Who could have predicted that in September of 2021 we would still be dealing with the uncertainty of COVID? Unfortunately, in addition to the health pandemic, COVID is contributing to a cyber pandemic. In fact, by the end of this year it’s estimated that damage from cybercrime will cost $6 trillion; double the $3 trillion spent in 2015. And by the end of 2025, estimates place the expense of cybercrime to be more than $10 trillion.
Cybercrimes, like most crimes, are opportunistic and the pandemic was a perfect storm of opportunity. As more workers went home to work remotely and most companies not having the security infrastructure in place to manage the increased security concerns cybercrime grew rapidly.
According to an article published by IDAgent, phishing attempts have increased by more than 660% since the beginning of the COVID pandemic. That’s a staggering statistic! But why such an explosive increase? It’s a risk and reward game. Criminals seek the greatest opportunity for making the most money at the lowest possible risk.
So, cybercriminals focus on phishing and smishing to bait consumers into providing them with personal information.
Phishing is a cybercrime term that describes how criminals pose as legitimate institutions or a trustworthy entity/individual to trick you into providing sensitive data such as login IDs and passwords. Phishing emails are a great way for hackers to gain access to your system. 90% of incidents that end in a data breach begin as phishing emails.
Smishing is a cybercrime term and it’s the same threat as phishing except the cybercriminals are using text messages sent to your smartphone instead of sending emails. As more workers are using their personal devices such as smartphones, cybercriminals can access your business network by installing malware on the users phone.
Brand recognition is the most common way cybercriminals entice consumers to click on links and gain access to your system through attached malware that asks for ID and password input. We are still amid a pandemic and cybercriminals could be using brands such as WHO (World Health Organization), CDC (Center for Disease Control), and local health departments to lure consumers. In addition, cybercriminals bait the consumer by sending them a text message containing a false sense of urgency. Examples include unknown service charges, erroneous bank transactions, invoices or online purchases, cash prize winnings, and suspended account reactivation notices.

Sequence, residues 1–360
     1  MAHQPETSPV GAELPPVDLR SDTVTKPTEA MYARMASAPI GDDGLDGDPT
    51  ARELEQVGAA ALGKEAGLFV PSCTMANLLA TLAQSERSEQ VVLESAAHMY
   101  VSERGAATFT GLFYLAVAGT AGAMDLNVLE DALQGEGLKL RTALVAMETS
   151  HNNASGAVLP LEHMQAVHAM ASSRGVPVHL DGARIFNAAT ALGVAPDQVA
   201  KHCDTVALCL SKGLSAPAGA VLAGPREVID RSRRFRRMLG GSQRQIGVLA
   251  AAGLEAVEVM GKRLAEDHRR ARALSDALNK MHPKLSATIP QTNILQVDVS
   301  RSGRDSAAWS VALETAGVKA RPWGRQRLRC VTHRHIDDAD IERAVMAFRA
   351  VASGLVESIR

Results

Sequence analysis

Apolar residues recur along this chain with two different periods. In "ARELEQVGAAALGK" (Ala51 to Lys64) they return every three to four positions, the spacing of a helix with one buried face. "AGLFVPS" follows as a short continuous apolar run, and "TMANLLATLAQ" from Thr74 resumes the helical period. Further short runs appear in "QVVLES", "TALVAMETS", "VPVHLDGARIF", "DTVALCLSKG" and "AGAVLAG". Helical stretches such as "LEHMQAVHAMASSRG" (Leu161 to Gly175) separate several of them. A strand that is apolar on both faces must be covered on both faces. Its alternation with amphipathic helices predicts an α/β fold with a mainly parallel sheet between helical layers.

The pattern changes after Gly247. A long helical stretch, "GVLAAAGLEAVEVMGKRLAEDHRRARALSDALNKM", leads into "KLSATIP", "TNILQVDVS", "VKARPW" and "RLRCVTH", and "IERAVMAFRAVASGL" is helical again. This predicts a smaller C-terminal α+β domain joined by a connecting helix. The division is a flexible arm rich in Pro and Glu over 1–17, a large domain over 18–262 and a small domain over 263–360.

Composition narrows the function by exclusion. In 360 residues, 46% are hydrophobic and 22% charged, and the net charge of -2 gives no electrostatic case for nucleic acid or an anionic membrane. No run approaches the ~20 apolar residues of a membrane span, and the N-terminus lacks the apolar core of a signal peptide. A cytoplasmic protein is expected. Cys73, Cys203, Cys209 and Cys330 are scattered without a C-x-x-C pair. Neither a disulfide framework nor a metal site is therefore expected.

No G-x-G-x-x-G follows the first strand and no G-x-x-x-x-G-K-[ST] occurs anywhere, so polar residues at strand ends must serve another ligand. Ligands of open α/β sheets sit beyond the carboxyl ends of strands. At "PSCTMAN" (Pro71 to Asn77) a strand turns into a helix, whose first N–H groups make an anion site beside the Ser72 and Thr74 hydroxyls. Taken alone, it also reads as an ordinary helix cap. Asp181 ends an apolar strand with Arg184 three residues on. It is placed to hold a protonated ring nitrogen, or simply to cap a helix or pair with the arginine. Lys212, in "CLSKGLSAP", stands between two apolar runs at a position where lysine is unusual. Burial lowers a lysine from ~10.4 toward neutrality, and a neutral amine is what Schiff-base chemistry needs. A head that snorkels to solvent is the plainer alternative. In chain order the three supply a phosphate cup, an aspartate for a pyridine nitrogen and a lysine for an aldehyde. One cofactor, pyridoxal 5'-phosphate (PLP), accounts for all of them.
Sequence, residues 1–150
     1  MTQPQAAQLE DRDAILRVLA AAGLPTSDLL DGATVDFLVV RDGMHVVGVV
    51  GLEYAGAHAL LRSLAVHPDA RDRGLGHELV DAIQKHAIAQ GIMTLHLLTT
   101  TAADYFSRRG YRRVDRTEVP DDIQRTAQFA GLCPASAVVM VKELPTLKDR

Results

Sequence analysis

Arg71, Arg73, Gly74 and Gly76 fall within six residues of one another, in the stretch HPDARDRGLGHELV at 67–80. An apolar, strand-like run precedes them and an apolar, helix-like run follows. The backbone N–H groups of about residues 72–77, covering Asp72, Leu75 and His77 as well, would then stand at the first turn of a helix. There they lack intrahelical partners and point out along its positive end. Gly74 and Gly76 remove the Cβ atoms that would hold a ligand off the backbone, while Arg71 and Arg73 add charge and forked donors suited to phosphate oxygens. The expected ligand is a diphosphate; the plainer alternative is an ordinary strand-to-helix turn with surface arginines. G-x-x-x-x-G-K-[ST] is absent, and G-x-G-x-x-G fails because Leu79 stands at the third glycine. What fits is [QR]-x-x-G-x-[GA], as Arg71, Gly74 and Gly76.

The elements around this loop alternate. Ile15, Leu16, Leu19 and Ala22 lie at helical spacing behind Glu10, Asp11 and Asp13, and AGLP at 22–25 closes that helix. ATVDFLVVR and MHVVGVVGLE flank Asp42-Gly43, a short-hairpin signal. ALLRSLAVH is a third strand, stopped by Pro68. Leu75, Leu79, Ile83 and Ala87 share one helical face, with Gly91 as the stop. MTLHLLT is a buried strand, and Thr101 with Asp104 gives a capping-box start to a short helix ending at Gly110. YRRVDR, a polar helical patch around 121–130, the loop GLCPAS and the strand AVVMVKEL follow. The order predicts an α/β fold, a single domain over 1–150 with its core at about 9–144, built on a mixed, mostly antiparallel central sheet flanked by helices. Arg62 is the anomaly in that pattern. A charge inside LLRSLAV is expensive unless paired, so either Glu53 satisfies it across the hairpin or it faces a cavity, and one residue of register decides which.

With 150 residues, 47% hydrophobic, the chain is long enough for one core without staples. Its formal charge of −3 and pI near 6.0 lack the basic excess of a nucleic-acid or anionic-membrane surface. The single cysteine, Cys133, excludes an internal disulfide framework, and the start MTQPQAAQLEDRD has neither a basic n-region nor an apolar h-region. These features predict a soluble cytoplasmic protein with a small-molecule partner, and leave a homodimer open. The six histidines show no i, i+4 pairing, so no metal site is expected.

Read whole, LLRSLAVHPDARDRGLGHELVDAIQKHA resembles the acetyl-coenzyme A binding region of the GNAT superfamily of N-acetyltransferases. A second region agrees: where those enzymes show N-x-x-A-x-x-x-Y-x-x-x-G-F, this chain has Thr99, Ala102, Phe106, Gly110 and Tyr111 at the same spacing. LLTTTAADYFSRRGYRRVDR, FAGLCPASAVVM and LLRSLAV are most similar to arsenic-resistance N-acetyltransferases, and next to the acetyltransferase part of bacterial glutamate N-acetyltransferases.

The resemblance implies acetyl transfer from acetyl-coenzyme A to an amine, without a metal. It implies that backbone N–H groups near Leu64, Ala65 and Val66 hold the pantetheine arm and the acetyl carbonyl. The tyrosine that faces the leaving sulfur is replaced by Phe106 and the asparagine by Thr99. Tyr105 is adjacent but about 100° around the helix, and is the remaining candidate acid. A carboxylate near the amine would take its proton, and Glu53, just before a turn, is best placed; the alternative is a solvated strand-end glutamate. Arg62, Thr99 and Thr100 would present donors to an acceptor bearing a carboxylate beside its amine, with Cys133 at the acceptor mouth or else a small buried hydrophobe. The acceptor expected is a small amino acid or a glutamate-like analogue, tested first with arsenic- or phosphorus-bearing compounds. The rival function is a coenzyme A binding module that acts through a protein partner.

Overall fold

How do you protect yourself and your business? Educate yourself and employees.
Phishing and Smishing quick tips to help you avoid falling victim to these techniques whether at home or the office:
- Verify the source of the email by checking the ‘From’ field to validate the sender. Phishing emails will appear to send you an email from a trusted source but in reality, they are spoofing the “from” address. What does that mean? The name of your contact shows as it always does in the “from” field however, when you hover over the name or you see it in the preview pane of your inbox the email address associated with the contact is not the actual email address.
- Pay very close attention to the domain name of the websites you visit or that are revealed in embedded links in communications you receive.
For example, www.microsoft.com and www.support.microsoft.software.com are two different domains. (and only the first is real).
- Be sure to report all suspicious emails to your information technology support.
- NEVER open email attachments that end with: .exe, .scr, .bat, .com or other executable files you do not recognize.
- Beware of “unsubscribe” – cybercriminals are using this to gain access as well. It is easier to delete the e-mail than to risk security breaches.
- NEVER click embedded links in messages without hovering your mouse over the link first to check the URL and verify the domain is safe/secure.
- Do not respond or reply to spam in any way. Delete the message and then delete it again from your deleted folder.
- Do not click on links sent to you via text message
- Don’t reply to the text message or call the number– Often, scammers don’t know if the numbers they’re using are actually active. Providing a response to the message will verify to them that the number is indeed active, leading them to continue and potentially increase the number of scam messages you’re receiving.
- Call the company directly- if you are receiving a text message from a well-known company or a company you are doing business with and there is concern, please call the company directly instead of clicking on the message or calling the number in the text. Call the customer service number of the company.
OIA is dedicated to providing you with risk management solutions to protect your agency. If you have any questions or concerns, you can reach Jodie Shaw at firstname.lastname@example.org or 614-552-3036.